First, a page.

They both believe that America is a “shining city on a hill.”
Some of you may remember that I questioned the way Eric Metaxas used this phrase in his book If You Can Keep It. You can read the criticism here.
Now it is Hillary Clinton who is playing the “city on a hill” and American exceptionalism card. Granted, Clinton’s “city on a hill” is not as overly providential at Metaxas’s use of the term, but the rhetoric of American exceptionalism is similar.
Here is Ryan Teague Beckwith’s piece at Time on Clinton’s use of this language:
In her address, she also heartily endorsed the concept of American exceptionalism, going even further to call America “indispensable” and citing two Republican presidents in her speech to the American Legion.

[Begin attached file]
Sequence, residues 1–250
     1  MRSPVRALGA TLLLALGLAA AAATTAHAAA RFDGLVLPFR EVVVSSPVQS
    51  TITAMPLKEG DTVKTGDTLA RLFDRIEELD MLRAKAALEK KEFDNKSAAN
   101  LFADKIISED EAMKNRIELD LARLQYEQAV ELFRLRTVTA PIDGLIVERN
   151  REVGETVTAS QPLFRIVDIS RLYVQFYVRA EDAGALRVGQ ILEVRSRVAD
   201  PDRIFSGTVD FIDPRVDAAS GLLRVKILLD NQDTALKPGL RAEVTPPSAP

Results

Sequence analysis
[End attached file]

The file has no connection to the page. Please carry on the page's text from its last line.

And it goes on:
“The United States is an exceptional nation,” she said. “I believe we are still Lincoln’s last, best hope of Earth. We’re still Reagan’s shining city on a hill. We’re still Robert Kennedy’s great, unselfish, compassionate country. … In fact, we are the indispensable nation.”
It was an argument aimed squarely at the veterans of an organization that lists “Americanism” as one of its central pillars. But it was also a way of turning one of the Republican lines against Obama back against the party’s own nominee.
Read the entire piece here.
This may be the first time a Democratic candidate has the phrase “city on a hill” since John Kennedy in 1961.
On why the use of this phrase is problematic as a way to describe American exceptionalism, click here.
Thanks to longtime reader and commentator Tom Van Dyke for bringing this article to my attention.